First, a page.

The empire strikes back in Sudan

-Two years after the revolution, the Islamist old guard is fighting back

By Rebecca Tinsley

Sudan’s people’s revolution is in danger.  The former regime’s old guard are reasserting themselves, accused of assaulting women who dare to walk the streets of Khartoum; undermining the fragile economy and stirring up ethnic clashes in Darfur. They are leading the struggle between secularists and Islamists, as Sudan faces tensions with Ethiopia due to the war in Tigray and the Grand Ethiopian Renaissance Dam.

A transitional government consisting of a joint military and civil council and a civilian-led cabinet took power after vast protests that ended Field Marshall Omer Bashir’s dictatorship in 2019. Yet, two years later, the women who were at the hearty of the demonstrations face pre-meditated physical attacks as they claim their space in the new Sudan. Islamists and traditionalists are fighting back against progressive change, defending laws that punish women for seeking education and other opportunities. Meanwhile, a judge sentenced a 21-year-old to Islamist-era cross amputation of a foot and hand for stealing $48. The previous regime’s 1991 criminal code also allows crucifixion and stoning to death.

A history of violence

Women from the black African ethnic groups in the periphery have been the targets of rape, torture and murder for many years. But it is less usual for women identifying as Arab to face violence. Now, say non-Arab activists, they are tasting the persecution endured by females in Darfur, South Kordofan and Blue Nile states.

Prime Minister Abdalla Hamdok has the daunting task of overseeing reforms in Sudan

Video of a recent gang rape in Blue Nile was widely shared on social media as an explicit warning to women across the country not to demand equality. Uniformed men, thought to belong to the Rapid Support Forces – the rebranded Janjaweed militia which killed as many as 400,000 Africans in Darfur – were filmed perpetrating the rape. The video is part of a series of reprisal attacks on women following the signing of the Convention on the Elimination of All Forms of Discrimination Against Women (CEDAW). The new Sudan government has not yet ratified CEDAW and is asking for exemptions. Yet, even in its amended form, CEDAW is unacceptable to Islamists and other traditionalists from all ethnic backgrounds who defend and perpetrate violence against women.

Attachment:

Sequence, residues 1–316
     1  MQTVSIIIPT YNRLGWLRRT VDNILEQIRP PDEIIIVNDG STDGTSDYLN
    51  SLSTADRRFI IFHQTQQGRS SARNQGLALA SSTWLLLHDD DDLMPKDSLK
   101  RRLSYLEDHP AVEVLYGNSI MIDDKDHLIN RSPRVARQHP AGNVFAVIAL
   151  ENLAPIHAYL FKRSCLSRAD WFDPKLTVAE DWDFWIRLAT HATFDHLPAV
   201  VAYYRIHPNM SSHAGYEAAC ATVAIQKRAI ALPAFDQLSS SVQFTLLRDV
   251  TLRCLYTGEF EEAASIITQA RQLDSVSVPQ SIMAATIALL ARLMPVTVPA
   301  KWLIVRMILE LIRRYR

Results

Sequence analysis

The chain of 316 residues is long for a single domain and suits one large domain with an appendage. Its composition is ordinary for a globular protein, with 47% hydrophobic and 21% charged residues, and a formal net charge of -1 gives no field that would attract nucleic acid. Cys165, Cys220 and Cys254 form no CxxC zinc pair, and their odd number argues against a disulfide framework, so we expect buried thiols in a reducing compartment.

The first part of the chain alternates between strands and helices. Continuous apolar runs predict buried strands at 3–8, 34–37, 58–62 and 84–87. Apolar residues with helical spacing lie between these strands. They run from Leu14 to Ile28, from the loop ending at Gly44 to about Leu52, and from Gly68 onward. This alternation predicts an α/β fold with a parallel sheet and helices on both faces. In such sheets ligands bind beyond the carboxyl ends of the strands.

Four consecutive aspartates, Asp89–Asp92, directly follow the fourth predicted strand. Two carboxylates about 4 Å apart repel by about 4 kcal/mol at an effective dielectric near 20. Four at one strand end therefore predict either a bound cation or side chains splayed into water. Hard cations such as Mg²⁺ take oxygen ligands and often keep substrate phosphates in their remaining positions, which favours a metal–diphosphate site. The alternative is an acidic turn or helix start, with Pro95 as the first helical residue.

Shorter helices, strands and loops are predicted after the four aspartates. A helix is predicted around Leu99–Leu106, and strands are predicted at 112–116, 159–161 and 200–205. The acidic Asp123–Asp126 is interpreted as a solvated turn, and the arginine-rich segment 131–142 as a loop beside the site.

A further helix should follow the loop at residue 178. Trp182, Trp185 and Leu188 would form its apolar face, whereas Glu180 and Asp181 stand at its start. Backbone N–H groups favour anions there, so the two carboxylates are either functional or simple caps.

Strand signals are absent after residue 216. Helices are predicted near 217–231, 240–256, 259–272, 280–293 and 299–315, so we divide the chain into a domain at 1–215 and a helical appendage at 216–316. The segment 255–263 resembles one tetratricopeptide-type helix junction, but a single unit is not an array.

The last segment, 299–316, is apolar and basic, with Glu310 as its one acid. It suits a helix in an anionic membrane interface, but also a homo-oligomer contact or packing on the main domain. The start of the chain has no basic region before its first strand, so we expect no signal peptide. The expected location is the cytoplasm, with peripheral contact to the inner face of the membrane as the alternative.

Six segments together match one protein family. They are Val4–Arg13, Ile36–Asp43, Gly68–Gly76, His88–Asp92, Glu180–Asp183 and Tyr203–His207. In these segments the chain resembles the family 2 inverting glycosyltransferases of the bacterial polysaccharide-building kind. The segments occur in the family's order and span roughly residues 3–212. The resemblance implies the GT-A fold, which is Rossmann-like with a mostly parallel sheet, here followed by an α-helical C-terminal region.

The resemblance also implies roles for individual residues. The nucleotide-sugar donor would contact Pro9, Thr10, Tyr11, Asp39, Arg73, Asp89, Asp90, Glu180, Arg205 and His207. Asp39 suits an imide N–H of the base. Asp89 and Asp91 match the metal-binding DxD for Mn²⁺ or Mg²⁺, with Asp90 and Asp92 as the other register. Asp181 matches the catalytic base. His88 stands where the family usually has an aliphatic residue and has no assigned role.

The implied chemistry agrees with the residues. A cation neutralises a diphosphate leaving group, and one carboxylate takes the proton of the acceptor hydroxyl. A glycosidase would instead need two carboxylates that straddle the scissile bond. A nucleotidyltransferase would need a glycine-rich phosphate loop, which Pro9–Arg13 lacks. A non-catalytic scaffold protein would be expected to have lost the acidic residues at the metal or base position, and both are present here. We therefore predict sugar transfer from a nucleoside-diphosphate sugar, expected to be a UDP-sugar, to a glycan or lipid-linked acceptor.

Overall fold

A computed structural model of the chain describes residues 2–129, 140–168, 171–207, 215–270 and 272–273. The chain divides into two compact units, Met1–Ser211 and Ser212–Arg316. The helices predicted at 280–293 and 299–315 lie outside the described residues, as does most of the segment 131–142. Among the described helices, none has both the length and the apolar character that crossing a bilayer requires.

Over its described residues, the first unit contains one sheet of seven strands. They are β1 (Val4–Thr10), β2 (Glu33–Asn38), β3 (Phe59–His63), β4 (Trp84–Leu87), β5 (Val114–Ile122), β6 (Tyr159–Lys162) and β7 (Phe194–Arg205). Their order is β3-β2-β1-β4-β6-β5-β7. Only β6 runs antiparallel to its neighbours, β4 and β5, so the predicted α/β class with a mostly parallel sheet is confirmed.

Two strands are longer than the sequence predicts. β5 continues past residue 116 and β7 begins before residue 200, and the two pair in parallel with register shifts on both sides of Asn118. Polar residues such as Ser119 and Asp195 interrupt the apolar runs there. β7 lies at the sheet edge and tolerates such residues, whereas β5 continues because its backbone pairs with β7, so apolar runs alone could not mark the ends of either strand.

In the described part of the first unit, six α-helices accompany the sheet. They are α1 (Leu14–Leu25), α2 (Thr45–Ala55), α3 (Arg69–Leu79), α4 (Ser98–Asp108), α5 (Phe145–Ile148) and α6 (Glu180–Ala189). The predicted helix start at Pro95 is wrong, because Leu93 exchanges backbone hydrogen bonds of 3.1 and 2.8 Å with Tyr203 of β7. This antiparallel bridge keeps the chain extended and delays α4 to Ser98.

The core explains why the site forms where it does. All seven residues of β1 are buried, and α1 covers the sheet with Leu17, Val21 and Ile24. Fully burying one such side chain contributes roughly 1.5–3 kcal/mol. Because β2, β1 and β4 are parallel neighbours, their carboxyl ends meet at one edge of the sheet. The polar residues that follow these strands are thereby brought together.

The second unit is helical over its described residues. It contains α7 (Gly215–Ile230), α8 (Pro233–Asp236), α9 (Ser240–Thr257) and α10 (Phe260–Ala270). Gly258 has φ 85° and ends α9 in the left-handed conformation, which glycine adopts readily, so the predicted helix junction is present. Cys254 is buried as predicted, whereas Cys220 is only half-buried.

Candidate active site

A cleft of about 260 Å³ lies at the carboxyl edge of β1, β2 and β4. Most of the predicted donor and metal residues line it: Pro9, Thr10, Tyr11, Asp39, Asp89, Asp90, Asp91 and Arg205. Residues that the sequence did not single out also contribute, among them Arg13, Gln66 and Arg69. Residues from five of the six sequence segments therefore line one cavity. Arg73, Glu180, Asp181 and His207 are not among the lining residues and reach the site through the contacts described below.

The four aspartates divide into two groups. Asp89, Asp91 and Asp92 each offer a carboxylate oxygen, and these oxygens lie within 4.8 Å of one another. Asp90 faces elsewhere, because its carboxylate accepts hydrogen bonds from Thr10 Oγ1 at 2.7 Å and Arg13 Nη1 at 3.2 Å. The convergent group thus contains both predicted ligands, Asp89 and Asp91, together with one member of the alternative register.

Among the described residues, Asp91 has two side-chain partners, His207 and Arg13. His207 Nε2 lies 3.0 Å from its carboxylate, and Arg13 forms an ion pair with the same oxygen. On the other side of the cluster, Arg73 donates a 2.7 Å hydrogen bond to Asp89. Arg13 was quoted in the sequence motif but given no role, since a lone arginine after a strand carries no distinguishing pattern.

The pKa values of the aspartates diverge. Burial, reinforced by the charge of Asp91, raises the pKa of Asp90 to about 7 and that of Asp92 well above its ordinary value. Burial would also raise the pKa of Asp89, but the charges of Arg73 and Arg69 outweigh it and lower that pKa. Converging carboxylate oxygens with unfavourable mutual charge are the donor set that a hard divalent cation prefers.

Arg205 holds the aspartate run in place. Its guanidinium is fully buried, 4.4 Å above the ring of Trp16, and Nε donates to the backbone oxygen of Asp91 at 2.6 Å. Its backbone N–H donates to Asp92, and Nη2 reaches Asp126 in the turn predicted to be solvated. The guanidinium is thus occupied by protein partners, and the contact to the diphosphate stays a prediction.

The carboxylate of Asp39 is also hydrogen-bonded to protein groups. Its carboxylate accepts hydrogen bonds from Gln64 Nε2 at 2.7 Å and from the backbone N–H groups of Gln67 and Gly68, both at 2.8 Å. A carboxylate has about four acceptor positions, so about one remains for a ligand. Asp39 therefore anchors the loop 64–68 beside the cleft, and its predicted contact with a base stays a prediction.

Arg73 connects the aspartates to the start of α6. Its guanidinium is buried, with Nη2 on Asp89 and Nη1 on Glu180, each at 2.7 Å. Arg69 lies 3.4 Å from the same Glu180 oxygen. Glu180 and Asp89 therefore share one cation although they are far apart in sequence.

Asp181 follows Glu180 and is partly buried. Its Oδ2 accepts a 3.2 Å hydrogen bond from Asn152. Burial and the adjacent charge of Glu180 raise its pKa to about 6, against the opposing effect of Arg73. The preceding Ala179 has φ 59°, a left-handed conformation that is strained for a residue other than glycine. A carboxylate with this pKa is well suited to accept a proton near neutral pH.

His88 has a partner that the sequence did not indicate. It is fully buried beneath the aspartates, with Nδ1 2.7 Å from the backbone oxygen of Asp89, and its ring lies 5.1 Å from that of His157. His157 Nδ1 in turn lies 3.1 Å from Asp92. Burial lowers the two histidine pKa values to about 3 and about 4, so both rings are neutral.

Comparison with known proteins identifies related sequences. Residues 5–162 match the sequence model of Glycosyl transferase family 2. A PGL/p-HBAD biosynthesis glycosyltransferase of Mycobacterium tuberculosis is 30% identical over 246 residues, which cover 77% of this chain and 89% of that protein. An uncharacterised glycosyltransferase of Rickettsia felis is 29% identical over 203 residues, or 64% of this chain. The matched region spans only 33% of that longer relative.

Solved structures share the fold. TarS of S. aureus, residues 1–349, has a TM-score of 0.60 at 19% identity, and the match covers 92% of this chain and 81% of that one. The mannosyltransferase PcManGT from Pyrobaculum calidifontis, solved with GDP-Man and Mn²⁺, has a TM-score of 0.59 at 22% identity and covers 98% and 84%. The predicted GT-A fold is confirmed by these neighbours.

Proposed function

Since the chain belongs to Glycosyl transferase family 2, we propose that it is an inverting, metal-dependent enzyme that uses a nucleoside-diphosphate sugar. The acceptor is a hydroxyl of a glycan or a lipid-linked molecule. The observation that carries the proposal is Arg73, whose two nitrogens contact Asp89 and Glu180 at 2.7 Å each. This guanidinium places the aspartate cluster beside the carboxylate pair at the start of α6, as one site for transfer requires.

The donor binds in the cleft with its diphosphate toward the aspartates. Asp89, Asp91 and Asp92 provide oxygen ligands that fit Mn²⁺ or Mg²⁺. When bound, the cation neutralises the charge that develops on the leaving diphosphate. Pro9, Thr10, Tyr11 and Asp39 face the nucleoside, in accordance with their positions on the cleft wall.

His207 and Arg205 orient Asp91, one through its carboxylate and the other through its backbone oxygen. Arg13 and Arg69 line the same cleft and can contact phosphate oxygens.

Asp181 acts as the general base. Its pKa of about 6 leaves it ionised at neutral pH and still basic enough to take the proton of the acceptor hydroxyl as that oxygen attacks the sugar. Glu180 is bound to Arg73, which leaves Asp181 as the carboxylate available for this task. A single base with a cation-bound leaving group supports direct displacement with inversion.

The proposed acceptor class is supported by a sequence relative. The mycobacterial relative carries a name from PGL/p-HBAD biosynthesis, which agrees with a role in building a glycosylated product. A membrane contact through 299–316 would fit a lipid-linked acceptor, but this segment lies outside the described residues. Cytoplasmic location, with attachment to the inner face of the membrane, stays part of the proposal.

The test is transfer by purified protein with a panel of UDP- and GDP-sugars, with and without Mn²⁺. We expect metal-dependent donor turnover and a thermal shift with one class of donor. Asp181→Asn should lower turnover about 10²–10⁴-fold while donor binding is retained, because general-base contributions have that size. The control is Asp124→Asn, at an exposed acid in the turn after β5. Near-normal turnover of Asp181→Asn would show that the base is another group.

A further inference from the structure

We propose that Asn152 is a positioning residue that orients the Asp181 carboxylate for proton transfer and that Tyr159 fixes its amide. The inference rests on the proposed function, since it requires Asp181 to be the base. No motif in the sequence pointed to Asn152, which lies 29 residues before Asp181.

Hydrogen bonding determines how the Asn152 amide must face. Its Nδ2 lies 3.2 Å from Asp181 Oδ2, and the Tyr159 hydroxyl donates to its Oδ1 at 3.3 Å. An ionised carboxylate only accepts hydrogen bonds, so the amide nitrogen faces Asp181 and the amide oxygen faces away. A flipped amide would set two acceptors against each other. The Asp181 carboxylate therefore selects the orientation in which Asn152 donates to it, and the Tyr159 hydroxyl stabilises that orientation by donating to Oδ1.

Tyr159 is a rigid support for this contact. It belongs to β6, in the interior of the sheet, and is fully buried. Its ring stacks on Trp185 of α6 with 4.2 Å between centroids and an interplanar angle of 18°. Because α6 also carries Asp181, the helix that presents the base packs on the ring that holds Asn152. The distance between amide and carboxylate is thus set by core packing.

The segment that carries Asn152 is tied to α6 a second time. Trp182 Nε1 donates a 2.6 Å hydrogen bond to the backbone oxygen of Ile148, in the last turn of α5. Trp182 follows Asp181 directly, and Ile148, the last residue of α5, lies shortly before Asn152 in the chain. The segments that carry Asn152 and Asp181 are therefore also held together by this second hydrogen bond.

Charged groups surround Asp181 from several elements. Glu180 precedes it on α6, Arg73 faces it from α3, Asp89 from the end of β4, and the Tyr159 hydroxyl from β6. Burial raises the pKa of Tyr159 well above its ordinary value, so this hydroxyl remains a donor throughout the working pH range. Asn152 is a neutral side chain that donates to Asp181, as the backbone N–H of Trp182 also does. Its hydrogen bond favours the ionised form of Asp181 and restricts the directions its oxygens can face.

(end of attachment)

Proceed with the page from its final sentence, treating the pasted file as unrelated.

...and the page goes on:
The attacks are linked to calls to bring back the old regime’s public order laws which punished thousands of women each year for vaguely-defined offenses. Women’s rights groups accused Islamists of using the law to deter women and girls from leaving their homes to seek education or work. In 2009 the case of Lubna Hussein gained notoriety when she was convicted of public indecency for wearing trousers, and jailed for six months. Amnesty reports that 40,000 to 50,000 women a year were arrested and whipped under the public order laws.

Sudan’s 1991 Family Law effectively legalises marital rape and domestic violence, assigning control of all women and girls to male guardians. According to strictly interpreted Islamic law, a four-year-old son or male cousin is considered the moral guardian of a grown female relative. The UN says that  88% of women in Sudan have undergone female genital mutilation.

In a recent survey, 34% of Sudanese agree that men are justified in beating wives if they step outside the home without their permission, if they do not obey them, or if they decline to have sexual intercourse. These attitudes are not restricted to the older generation. The public assaults on women have mainly been perpetrated by gangs of young men, cruising the streets in vehicles, spotting women whom they consider to be indecently dressed (in trousers, or without headscarves, hijabs, niqabs, etc) and beating them before driving away. Passing men are reported to offer no help or support to the women, and on occasion they applaud as women are whipped. There have been hundreds of online messages from men expressing approval of the attacks.